CML is a malignant, clonal hematopoietic stem cell disorder. It accounts for 15-20% of all cases of leukemia, with an annual incidence of 1-1.5 cases per 100 000. Although CML affects all age groups, the median age at diagnosis for patients not selected by referral is close to 60 years. Clinically, the course of CML is divided into three phases. Most patients will present in the chronic or stable phase of the disease, which, after a variable length of time, progresses through an accelerated phase to an invariably fatal acute leukemia, also known as 'blast crisis'.
Patients with CML in the chronic phase may be asymptomatic and up to 50% of patients are identified through routine blood tests. Common presenting symptoms include fatigue, night sweats, and splenomegaly with abdominal discomfort and early satiety. Occasionally, patients may present with a hyperviscosity syndrome, with manifestations such as stroke, priapism, stupor, or visual changes caused by retinal hemorrhage.
The white blood cell count in stable-phase CML is usually more than 50 X 109/L at the time of diagnosis, with a range of 20 X 109 to 800 X 109/L. Anemia, proportional to the degree of leukocytosis, is present at diagnosis in 50% of cases of CML. The platelet count is elevated in up to half of patients. During the chronic phase, leukemic cells retain the capacity to differentiate normally with the peripheral blood smear, showing a full spectrum of myeloid cells from blasts to neutrophils, with blasts comprising less than 5% of the white blood cell differential. Basophilia is invariable present and eosinophilia is common. The bone marrow of untreated chronic-phase patients shows hypercellularity with granulocytic and mega-karyocytic hyperplasia, basophilia and fewer than 5% blasts.
After a median of 4-5 years in untreated patients, there is a transition from chronic-phase CML to an accelerated or blastic phase. The accelerated phase is a transitional period that is poorly defined. Patients may have progressive splenomegaly, bone pain and/or constitutional complaints such as fever, night sweats, or weight loss. Frequently, the accelerated phase is marked by difficulty in controlling the white blood cell count with standard doses of chemotherapy. Laboratory hallmarks of the accelerated phase that have been correlated with survival of less than 18 months include an increase in the percentage of blasts in the peripheral blood to at least 15%, an increase in basophilia to over 20%, the presence of more than 30% blasts plus promyelocytes in the peripheral blood, or a platelet count less than 100 X 109/L. Approximately 20-40% of patients with CML progress to the blastic phase without an intervening accelerated phase.
The transition of CML to the blastic phase is accompanied by the loss of the capacity of the malignant clone for terminal differentiation. Morphologically, the bone marrow of blastic-phase CML resembles acute leukemia, with more than 30% blasts. Approximately 65% of patients evolve to blastic crisis with myeloid blasts, 30% have lymphoid blast crisis, and 5% of cases have biphenotypic, undifferentiated or T-cell blasts. Blastic-phase CML responds poorly to cytotoxic chemotherapy. Median survival of patients in blastic phase is 3-6 months, although patients with lymphoid blast crisis have a somewhat better outcome.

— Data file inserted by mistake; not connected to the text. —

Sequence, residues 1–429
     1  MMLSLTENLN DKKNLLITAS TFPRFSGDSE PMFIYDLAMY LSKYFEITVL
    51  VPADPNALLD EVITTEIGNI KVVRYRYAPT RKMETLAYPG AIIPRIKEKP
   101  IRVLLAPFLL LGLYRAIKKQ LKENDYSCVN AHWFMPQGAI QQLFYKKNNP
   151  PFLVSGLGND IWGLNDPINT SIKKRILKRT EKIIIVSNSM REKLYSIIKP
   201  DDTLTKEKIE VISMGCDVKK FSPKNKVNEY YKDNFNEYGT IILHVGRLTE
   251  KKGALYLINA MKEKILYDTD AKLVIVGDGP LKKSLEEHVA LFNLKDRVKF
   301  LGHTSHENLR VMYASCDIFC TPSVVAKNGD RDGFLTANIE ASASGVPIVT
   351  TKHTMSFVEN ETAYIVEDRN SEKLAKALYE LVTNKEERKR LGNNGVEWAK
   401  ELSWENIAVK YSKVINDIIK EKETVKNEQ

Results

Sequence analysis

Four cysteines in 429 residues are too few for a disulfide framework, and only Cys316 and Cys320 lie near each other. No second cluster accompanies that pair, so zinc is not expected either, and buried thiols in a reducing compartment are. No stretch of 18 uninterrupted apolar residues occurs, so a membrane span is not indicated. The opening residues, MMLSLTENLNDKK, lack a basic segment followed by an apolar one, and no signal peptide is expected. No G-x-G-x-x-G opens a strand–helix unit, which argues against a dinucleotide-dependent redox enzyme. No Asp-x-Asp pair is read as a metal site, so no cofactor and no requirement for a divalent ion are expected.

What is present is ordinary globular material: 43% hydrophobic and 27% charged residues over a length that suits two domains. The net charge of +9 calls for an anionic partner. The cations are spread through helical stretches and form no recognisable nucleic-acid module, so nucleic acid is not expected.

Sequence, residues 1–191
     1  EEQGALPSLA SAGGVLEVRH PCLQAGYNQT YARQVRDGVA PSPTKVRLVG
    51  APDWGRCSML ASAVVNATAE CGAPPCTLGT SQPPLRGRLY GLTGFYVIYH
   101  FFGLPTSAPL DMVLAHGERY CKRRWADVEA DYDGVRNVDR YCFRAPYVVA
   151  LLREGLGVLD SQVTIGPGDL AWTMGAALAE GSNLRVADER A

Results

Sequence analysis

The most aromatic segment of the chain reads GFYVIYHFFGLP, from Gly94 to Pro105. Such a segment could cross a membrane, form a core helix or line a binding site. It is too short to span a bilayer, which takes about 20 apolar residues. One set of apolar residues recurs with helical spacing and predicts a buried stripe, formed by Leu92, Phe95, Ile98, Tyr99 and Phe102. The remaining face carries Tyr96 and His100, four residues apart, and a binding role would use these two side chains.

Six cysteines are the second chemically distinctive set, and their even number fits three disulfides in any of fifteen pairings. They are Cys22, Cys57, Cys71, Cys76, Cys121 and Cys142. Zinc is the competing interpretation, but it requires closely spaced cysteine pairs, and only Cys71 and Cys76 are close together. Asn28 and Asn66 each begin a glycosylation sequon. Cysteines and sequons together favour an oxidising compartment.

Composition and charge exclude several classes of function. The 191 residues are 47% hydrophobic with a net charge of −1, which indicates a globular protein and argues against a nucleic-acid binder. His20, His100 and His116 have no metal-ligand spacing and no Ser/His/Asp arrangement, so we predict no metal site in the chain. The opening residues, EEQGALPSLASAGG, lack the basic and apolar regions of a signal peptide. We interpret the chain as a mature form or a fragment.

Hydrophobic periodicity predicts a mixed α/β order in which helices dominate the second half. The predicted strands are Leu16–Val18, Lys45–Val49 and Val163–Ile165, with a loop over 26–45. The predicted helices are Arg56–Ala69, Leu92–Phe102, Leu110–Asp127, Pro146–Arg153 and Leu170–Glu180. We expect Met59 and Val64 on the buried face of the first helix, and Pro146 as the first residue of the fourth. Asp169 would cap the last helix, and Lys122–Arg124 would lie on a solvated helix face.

Several pretreatment clinical characteristics have been found to have prognostic significance in CML. The prognostic scoring system proposed by Sokal reproducibly segregates chemotherapy-treated patients into high- and low-risk groups for disease progression. Sokal's model identified four independent prognostic factors: (1) older age; (2) splenomegaly; (3) higher platelet count; and (4) higher peripheral blast percentage. Sokal's index is less efficient in discriminating outcome in interferon-a-treated patients. However, a revised score, the Euro score, which also incorporates peripheral blood eosinophils and basophils, can identify risk groups in inter-feron-a-treated CML patients. Whether either of these scores will discriminate among outcomes for patients treated with imatinib is unknown.
More recently, there has been increasing interest in using microarray studies to assist in defining risk groups as it is clear that there is significant heterogeneity among patients who present with the same stage of disease. This heterogeneity could be based on the individual genetics of the particular leukemia or on the genes involved in drug metabolism and drug resistance. Radich and colleagues compared a pool of blast crisis samples with a pool of chronic-phase samples and found approximately 500 genes that are significantly different between the two disease states. Blast crisis and chronic phase patients demonstrate clear differences in gene expression, and occasional cases occur in which the clinical and pathological diagnosis is quite discordant from the gene expression pattern.
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